Taxi woes see Airport Express travellers come to screeching halt
You've been flying for 12 hours, you're tired and you want to get home or to your hotel room ASAP. So you take the 23-minute Airport Express ride to Central. Then you find yourself waiting an hour for a taxi.
It's not the welcome most people expect in Hong Kong - and it's creating a bad impression of the city, the tourism sector lawmaker says.
Travellers report queues of 100 or more people at the Airport Express terminus' taxi stand, and the Christmas shopping season is making the problem worse.
'The flight was on time, the Airport Express a wonder,' said Angelo Paratico, who lives in Mid-Levels. 'Then, at [Hong Kong] station, tired passengers had to wait for one hour to get a taxi, just because the drivers all change shift at the same time.'
At least two other passengers have complained to the Sunday Morning Post of the same problem.
'I will be contributing to the fall in usage of the Airport Express after catching the train from the airport to Hong Kong station for the last time,' said Alan Olsen, who also lives in Mid-Levels. 'About 150 passengers were queuing for taxis at the pick-up point.'
Hiring a cab in Central on a Friday evening is often a nightmare, but a Post reporter who visited the Hong Kong station at 5.30pm on Friday found more than 80 people in four queues. People near the front of one queue said they had been waiting for 20 to 30 minutes. A local designer in the queue, who often uses the taxi stand, said the queue was moving relatively quickly. 'Sometimes the wait is an hour,' he said.
Farther down the queue, the mood was decidedly less festive.
A banker who has been living in Hong Kong for three years and travels at least once a month said he had been waiting for at least half an hour. The queue on Friday was 'particularly bad', he said.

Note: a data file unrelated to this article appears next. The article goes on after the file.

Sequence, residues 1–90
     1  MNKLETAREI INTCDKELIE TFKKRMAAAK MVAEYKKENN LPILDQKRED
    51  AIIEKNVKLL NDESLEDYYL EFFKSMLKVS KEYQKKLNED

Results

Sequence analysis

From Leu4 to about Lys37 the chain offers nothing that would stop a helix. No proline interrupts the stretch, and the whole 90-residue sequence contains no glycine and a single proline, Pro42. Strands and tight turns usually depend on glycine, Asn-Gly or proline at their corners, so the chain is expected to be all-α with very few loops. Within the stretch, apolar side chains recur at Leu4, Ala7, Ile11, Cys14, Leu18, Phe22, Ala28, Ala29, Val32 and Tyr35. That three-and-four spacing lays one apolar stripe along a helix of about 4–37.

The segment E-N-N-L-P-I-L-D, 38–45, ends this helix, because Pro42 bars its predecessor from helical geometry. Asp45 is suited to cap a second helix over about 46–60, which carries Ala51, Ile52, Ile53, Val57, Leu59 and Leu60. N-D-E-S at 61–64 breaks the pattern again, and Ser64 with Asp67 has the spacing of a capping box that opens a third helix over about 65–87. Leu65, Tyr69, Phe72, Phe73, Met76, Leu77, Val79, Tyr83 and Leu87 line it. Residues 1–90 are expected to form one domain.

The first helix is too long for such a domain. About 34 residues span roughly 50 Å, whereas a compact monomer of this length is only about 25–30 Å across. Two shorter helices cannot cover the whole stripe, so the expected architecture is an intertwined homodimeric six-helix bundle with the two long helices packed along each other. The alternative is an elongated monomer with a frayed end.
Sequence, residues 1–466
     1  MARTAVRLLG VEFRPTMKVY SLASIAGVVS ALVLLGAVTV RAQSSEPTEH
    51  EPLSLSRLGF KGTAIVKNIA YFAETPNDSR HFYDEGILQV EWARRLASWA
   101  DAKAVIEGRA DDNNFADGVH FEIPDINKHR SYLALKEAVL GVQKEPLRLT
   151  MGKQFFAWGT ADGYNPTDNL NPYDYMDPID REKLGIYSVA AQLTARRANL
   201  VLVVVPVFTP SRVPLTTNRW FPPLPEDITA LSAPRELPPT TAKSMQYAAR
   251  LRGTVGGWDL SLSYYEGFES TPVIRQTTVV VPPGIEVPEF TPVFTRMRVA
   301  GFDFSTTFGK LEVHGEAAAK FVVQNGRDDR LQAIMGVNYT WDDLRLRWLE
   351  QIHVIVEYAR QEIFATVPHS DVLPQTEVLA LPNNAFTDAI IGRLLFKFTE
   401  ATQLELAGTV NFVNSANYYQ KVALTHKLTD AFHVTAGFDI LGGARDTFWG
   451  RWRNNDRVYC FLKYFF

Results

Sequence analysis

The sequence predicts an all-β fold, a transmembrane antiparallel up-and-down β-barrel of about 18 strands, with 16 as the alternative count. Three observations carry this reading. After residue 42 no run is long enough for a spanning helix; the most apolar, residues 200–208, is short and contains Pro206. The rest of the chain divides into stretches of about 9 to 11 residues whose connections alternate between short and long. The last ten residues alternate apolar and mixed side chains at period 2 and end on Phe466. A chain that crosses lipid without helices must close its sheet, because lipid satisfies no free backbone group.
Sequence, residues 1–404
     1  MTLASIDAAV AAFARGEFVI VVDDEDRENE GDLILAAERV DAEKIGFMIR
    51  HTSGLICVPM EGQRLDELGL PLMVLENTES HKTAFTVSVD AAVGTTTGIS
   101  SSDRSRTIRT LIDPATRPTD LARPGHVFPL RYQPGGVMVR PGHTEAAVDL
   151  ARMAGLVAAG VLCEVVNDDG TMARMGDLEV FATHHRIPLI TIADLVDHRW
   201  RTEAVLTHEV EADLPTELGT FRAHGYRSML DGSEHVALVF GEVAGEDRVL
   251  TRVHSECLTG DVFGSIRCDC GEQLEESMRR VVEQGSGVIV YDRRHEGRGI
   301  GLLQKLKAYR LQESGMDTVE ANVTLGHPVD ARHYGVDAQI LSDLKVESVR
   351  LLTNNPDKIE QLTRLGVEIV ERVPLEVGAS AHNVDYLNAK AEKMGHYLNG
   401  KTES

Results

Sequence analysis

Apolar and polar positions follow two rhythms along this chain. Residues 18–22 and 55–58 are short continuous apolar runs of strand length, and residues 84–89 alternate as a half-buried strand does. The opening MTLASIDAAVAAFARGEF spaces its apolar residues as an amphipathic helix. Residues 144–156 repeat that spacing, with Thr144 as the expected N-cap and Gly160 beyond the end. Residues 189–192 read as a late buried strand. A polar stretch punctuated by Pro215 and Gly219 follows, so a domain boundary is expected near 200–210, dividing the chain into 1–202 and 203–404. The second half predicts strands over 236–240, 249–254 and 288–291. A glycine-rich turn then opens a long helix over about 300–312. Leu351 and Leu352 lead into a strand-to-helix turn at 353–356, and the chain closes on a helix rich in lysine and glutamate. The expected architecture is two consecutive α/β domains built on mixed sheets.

Some passengers did not mind the wait, though. An Australian couple who had been there for 20 minutes said they found Hong Kong an efficient place and were prepared for the rush-hour traffic. 'A lot of people are coming in on the plane,' Veronica, one of the visitors, said. 'You have to make allowances.'
Taxi driver Kwok Chi-piu said he once received a HK$20 lai see, or red packet, from a traffic warden at the Airport Express' Kowloon station as an incentive to enter the taxi stand.
The veteran unionist said most drivers preferred to give the taxi stands a miss if they could find fares elsewhere. 'We have to spend about 10 minutes waiting for the taxis ahead to pick up their passengers,' he said.
Taxi driver Low Shih-cheng said the situation in Central was worse. 'Everybody leaves the business district at office closing hours and the sudden surge in traffic jams Gloucestor Road and traps all eastbound traffic - including many taxis that can't return to Central quick enough,' he said.
More people are out doing their Christmas shopping, compounding the jams.
And drivers change shifts at 5pm, according to traffic controllers from JSL Limited, the company that oversees the Airport Express taxi stands.
Paul Tse Wai-chun, the lawmaker for the tourism sector, said the long wait for a taxi would hurt efforts to promote Hong Kong as a tourism hub.
The MTR said there were enough taxis most of the time. Staff would help passengers call for taxis during busy hours.
For now, taxi driver Low has one suggestion for commuters heading to Mid-Levels and the south side of Hong Kong Island: hire a cab opposite the taxi drop-off point outside the ground-level departure hall to avoid the congested eastbound traffic.